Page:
July 21, 2010 • No Comments
A lot of good TV shows have come and gone, but sometimes I wonder if I miss the show itself or the circumstances around watching it. I used to watch a TV show about the Vikings Sunday afternoons when I was in university. It was a great show on history and archaeology, but I think the real pleasure came out of the fact that by the time it came on, my weekend homework was usually finished. It was the signal to start my night off. I can say similar things about a lot of the British cop shows that were around in the 1980s, because I used to watch them with my Dad. I miss the shows, but I what I really miss is spending time with him.
All that being said, there are some shows I miss because of their pure genius. My two all-time favourites are Babylon 5 and Buffy/Angel. Both were clever and beautifully crafted. Bab 5 was more complex and sometimes struggled with all that creative brilliance (+/ the network execs who simply didn’t get it) but will remain on my keeper shelf always. There is something of a Shakespearean grandeur there. Plus, the Vorlons were just so cool.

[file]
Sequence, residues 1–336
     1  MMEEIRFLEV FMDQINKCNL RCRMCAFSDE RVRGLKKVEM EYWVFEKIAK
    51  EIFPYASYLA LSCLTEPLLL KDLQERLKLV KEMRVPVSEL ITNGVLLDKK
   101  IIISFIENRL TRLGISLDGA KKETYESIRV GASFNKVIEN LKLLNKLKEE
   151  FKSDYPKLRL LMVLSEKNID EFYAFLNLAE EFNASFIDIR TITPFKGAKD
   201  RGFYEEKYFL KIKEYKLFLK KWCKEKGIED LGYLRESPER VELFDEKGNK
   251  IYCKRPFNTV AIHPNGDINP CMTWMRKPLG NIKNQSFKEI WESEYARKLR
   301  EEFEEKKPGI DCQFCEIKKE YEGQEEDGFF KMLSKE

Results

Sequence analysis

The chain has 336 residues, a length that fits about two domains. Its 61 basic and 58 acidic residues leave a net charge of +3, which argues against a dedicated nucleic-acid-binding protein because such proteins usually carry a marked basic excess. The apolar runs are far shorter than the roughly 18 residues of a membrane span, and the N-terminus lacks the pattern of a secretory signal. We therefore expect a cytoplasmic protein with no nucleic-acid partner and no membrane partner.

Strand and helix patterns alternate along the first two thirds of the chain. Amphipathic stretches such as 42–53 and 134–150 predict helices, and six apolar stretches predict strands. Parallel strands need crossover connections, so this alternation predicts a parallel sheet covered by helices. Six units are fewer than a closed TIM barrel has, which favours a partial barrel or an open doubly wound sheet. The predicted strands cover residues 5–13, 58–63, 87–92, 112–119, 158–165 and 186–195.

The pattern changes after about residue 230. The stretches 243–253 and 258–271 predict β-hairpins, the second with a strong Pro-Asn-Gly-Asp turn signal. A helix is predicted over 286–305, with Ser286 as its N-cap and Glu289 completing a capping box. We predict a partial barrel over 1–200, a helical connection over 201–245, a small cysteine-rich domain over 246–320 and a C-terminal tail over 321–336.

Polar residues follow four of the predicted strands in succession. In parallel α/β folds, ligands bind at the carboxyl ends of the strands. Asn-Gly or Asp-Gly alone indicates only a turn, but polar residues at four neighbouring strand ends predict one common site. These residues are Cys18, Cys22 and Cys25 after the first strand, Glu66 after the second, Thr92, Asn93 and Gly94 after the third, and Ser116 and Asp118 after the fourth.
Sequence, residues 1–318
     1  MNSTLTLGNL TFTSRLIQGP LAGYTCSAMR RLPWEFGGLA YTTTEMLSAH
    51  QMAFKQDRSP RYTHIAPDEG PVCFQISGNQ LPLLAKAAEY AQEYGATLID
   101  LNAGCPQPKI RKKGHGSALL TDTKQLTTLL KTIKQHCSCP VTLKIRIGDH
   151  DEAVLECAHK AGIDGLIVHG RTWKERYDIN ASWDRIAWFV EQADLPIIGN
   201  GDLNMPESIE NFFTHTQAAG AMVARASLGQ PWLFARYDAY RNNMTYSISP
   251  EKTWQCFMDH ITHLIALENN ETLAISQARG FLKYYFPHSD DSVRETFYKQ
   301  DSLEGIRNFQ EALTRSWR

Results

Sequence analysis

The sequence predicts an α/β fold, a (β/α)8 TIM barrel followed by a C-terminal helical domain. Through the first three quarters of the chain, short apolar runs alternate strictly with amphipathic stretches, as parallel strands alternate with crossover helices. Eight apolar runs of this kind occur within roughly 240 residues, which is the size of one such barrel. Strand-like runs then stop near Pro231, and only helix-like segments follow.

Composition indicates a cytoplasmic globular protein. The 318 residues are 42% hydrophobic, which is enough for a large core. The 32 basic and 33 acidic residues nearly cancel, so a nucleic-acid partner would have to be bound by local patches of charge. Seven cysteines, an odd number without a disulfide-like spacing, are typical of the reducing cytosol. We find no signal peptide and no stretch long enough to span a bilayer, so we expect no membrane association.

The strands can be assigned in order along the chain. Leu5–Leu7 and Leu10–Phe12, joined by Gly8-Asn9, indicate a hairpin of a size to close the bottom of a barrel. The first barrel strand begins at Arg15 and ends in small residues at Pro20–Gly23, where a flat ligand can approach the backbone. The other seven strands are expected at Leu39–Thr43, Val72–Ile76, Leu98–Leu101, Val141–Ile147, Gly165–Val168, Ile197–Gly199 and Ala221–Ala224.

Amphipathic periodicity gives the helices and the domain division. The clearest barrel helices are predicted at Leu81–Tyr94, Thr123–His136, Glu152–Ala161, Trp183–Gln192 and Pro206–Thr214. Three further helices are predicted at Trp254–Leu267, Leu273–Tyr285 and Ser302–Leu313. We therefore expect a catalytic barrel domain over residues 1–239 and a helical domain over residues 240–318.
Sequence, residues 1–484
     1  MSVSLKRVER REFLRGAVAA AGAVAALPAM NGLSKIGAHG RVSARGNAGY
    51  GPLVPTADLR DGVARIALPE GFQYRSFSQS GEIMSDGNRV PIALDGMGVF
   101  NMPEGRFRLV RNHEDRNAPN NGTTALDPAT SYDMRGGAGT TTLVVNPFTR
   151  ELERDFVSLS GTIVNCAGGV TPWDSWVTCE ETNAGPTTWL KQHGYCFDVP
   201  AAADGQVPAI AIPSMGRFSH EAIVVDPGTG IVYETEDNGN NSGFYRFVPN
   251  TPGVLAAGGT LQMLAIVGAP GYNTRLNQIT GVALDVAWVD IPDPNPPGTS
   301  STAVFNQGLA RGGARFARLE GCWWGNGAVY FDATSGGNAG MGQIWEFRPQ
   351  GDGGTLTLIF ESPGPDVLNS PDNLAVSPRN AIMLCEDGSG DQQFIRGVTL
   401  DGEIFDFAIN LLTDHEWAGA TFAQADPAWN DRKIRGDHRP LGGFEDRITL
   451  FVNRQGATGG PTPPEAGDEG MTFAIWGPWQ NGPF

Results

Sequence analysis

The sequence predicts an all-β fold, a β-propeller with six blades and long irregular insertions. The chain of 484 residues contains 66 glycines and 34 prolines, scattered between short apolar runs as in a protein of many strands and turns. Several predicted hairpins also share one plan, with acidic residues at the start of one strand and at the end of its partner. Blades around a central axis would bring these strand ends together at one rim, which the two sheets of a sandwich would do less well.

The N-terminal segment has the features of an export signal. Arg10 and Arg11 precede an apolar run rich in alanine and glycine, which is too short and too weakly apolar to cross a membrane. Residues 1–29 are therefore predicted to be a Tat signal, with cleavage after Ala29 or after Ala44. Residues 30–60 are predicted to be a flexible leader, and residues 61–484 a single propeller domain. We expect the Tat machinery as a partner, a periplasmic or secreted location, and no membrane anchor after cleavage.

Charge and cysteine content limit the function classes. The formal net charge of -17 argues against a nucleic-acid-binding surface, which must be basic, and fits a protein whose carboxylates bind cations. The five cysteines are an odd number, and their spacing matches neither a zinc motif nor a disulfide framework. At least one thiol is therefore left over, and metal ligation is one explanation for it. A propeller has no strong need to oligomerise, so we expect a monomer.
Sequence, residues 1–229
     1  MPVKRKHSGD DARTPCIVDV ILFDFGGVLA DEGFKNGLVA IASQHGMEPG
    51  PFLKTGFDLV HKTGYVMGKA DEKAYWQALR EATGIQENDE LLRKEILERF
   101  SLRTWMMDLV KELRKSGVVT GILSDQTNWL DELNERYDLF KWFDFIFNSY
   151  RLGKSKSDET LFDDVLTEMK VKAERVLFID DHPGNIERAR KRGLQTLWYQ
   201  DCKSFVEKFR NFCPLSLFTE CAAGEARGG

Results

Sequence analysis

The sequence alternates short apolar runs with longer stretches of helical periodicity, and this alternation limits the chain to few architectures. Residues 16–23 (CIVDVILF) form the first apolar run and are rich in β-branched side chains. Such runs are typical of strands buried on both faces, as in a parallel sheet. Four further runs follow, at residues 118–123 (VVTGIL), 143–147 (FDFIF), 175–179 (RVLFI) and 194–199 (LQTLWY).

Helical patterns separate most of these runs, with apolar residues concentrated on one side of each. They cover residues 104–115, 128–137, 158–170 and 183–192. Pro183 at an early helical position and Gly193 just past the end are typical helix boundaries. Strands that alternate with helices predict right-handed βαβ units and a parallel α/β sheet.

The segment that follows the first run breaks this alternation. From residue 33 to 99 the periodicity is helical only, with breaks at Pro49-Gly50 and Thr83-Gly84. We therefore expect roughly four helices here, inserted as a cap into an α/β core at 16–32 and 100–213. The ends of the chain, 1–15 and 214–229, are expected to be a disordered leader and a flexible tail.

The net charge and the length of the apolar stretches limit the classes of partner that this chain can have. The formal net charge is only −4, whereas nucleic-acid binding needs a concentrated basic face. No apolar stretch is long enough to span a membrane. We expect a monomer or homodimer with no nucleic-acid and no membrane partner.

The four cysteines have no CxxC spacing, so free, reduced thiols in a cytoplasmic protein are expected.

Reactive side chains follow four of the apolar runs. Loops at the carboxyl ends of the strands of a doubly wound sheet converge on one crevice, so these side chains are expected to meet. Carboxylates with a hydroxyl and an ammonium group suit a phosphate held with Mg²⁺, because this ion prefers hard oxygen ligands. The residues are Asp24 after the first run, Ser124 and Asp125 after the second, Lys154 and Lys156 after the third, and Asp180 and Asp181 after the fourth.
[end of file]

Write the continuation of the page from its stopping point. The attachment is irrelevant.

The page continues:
I have to point to it as a real influence on how I think about story construction. The plot layering is without peer. If you watch it from the beginning, there isn’t a throw away scene in the entire series. (Watch out for Mr. Morden). Everything counts, even if it doesn’t become apparent until the next season–or even several seasons later.
Both B5 and Buffy ran their course. Angel ended in a rather spectacular, dystopian fashion I love or hate depending on my mood, but at least it ended. What bugs me far more are all the shows that died on vine before they had a chance to reach their full potential. Firefly (see Jessa’s post) is a great example—I will never understand why that one didn’t flourish.
Others committed the sin of stumbling at the starting gate, but given time could have grown into their promise. Moonlight was just starting to hit its groove after a somewhat wan beginning (Vampire Mick needed assertiveness training). Blood Ties started out well but the writing faltered, probably once they figured out they were destined for cancellation. Defying Gravity was definitely interesting, but I think the threads of the story needed to be pulled together sooner. I loved the Dollhouse, but it was too abstract for a lot of people. It took some time to understand what was going on.